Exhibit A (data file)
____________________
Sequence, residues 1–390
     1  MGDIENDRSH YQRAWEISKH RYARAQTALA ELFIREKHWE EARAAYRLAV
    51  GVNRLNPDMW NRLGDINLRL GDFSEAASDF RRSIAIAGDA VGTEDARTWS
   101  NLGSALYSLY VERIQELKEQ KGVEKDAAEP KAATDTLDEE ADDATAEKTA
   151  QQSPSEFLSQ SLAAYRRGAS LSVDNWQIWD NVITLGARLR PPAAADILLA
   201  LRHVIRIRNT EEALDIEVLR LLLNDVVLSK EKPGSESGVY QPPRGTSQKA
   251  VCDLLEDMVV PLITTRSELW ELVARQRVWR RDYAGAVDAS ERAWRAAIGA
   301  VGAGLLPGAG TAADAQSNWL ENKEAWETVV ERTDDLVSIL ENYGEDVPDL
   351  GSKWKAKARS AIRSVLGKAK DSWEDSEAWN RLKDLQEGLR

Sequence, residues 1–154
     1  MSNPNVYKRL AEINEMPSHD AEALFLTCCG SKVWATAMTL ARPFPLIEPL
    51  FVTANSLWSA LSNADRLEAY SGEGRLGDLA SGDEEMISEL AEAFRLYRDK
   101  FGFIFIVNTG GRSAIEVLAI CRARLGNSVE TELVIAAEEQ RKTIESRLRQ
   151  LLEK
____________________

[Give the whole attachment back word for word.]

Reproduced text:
Sequence, residues 1–390
     1  MGDIENDRSH YQRAWEISKH RYARAQTALA ELFIREKHWE EARAAYRLAV
    51  GVNRLNPDMW NRLGDINLRL GDFSEAASDF RRSIAIAGDA VGTEDARTWS
   101  NLGSALYSLY VERIQELKEQ KGVEKDAAEP KAATDTLDEE ADDATAEKTA
   151  QQSPSEFLSQ SLAAYRRGAS LSVDNWQIWD NVITLGARLR PPAAADILLA
   201  LRHVIRIRNT EEALDIEVLR LLLNDVVLSK EKPGSESGVY QPPRGTSQKA
   251  VCDLLEDMVV PLITTRSELW ELVARQRVWR RDYAGAVDAS ERAWRAAIGA
   301  VGAGLLPGAG TAADAQSNWL ENKEAWETVV ERTDDLVSIL ENYGEDVPDL
   351  GSKWKAKARS AIRSVLGKAK DSWEDSEAWN RLKDLQEGLR

Sequence, residues 1–154
     1  MSNPNVYKRL AEINEMPSHD AEALFLTCCG SKVWATAMTL ARPFPLIEPL
    51  FVTANSLWSA LSNADRLEAY SGEGRLGDLA SGDEEMISEL AEAFRLYRDK
   101  FGFIFIVNTG GRSAIEVLAI CRARLGNSVE TELVIAAEEQ RKTIESRLRQ
   151  LLEK